Let me guess pints of beer are $6.50 or more…..again too much dude.

    • Starr on March 27, 2017 at 9:25 pm

      Then don’t go there. $300/ hr is too much for a lawyer, $175 for technical assistance, $200 for an accountant… after all it’s just “time”.
      And I am sure your salary is too much for whatever’s you do too !

    • Trollzbgone on March 28, 2017 at 12:47 am

      To Pw, and Rebbeca: neither of you have the capacity to substantively respond to John Howie’s math or his business reality… in puerile fashion, you claim wisdom you do not have, to declare that “there must be a way, SOMEHOW, to charge less.”
      Would you…
      A) reduce food quality?
      B) cut to fewer staff, lowering service quality?
      C) eliminate all profits, working for free?
      D) Borrow more to ensure patrons didn’t have to pay as much?

      None of those sound like good options? Then the alternative is to charge more.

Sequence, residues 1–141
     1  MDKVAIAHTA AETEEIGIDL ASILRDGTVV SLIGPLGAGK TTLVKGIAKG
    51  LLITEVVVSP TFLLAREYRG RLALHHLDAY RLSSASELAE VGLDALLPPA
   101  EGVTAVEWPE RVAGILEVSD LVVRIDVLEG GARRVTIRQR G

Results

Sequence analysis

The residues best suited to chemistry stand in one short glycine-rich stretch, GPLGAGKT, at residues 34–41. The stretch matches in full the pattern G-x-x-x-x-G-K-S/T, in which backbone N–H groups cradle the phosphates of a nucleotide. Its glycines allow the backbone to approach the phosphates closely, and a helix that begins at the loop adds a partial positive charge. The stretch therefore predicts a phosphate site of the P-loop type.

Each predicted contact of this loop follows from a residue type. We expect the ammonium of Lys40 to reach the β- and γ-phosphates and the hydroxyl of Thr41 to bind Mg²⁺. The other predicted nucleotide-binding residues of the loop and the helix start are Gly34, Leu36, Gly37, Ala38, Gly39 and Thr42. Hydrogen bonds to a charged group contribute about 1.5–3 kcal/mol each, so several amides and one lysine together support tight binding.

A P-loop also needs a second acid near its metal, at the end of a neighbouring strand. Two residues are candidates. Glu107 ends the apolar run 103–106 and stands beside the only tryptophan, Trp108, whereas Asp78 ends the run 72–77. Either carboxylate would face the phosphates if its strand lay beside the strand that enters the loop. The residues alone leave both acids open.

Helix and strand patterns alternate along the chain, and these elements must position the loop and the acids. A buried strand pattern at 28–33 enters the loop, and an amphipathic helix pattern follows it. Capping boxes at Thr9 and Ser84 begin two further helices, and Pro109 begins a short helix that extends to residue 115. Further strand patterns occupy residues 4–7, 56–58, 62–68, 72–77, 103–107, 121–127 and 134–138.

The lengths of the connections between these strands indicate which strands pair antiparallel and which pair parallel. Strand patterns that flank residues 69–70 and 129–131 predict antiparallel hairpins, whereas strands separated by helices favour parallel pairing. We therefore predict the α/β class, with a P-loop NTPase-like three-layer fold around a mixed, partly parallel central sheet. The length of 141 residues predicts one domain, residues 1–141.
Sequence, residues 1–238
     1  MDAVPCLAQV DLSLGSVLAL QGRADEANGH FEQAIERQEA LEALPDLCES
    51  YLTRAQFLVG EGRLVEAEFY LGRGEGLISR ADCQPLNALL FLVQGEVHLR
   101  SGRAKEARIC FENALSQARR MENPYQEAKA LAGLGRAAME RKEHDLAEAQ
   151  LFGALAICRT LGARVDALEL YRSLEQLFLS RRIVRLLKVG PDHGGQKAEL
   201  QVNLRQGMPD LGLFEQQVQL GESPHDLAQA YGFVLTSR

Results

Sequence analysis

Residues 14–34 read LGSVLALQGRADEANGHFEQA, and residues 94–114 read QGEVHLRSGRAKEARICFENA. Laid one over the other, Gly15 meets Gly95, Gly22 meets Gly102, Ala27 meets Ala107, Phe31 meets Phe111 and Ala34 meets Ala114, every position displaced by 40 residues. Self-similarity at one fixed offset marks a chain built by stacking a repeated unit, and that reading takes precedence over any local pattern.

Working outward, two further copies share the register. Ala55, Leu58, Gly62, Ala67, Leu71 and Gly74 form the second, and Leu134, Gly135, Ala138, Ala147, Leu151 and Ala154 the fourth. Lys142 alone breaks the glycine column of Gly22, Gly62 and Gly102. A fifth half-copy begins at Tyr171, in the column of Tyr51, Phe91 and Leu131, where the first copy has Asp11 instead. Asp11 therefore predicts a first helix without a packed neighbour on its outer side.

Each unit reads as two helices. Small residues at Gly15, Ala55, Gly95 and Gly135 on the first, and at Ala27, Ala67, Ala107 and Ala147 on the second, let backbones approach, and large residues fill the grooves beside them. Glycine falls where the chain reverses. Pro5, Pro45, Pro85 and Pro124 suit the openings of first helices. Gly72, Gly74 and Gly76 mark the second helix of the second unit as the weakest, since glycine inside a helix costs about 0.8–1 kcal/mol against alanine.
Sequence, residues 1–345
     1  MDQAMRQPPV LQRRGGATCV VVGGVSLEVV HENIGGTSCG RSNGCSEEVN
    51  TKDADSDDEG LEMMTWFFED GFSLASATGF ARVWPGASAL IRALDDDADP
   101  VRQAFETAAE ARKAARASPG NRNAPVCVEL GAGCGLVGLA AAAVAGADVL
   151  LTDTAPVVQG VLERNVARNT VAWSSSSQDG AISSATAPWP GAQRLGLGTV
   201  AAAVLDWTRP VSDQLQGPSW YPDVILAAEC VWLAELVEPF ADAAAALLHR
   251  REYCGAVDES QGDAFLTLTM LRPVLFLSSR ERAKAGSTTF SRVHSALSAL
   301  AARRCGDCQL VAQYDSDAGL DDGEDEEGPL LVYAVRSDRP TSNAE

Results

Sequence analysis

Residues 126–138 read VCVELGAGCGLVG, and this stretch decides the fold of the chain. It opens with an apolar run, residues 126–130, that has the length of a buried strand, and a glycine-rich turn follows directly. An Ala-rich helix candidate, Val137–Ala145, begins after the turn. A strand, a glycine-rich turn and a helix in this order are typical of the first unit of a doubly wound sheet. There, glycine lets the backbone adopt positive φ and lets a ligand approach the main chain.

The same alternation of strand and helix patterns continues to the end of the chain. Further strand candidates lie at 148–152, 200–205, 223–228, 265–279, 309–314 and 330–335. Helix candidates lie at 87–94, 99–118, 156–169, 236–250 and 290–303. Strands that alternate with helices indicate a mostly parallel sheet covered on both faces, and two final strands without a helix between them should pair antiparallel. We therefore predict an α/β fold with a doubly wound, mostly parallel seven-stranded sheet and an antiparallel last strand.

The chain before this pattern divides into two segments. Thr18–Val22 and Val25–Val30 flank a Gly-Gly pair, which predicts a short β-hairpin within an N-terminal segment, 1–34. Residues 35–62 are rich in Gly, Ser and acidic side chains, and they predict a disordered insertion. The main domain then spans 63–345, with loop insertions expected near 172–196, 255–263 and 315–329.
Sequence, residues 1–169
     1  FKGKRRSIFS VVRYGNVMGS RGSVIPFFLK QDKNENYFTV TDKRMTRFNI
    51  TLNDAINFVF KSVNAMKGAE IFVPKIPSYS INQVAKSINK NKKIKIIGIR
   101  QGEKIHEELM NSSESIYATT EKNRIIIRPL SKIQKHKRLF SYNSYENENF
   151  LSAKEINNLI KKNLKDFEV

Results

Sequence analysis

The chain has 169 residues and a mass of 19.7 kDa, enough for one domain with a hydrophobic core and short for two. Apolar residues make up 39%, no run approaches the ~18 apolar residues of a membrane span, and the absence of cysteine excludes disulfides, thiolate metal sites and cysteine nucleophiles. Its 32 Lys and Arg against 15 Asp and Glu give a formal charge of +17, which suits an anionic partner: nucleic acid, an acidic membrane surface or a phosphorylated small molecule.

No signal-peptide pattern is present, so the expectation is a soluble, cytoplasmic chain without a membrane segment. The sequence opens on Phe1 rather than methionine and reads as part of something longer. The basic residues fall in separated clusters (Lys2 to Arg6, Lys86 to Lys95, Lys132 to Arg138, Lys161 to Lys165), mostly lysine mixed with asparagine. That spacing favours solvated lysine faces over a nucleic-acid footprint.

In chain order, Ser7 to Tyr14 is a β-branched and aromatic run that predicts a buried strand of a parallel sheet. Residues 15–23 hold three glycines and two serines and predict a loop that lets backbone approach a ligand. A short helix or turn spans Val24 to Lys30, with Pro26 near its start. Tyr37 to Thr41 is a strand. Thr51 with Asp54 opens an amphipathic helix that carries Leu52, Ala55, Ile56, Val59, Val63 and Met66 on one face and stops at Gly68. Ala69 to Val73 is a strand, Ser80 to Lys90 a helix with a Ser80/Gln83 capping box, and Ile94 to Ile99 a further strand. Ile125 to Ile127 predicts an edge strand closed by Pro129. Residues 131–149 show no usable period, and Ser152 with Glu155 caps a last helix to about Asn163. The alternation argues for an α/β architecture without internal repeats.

If you don’t understand that, then just shut up already. You don’t comprehend reality.

    • Lee G on March 28, 2017 at 10:02 am

      PW – Dude it sounds like Burger King and a six pack of Bud is more your style. So do it and keep stepping.

    • Eric McFarland on March 28, 2017 at 7:23 pm

      Guess you need to stick to getting your burgers from McDonalds and your beer in cans!

    • Amazed on March 28, 2017 at 8:14 pm


      Sorry, but your ignorance of the industry as well as your fundamental misunderstanding of COGS for PREMIUM products is showing.

      A burger ground from PRIME beef is anything but basic. Are you aware of the standards and costs involved with acquiring USDA PRIME beef?? Apparently not. Find another establishment that provides USDA PRIME in their burgers with a lower cost at the same weight. If you can, I guarantee it isn’t actually PRIME in that grind…just a shady operator falsely advertising. 14 dollars is a bargain compared to some other operators elsewhere in town who sell USDA SELECT or CHOICE burgers at 9-12 bucks.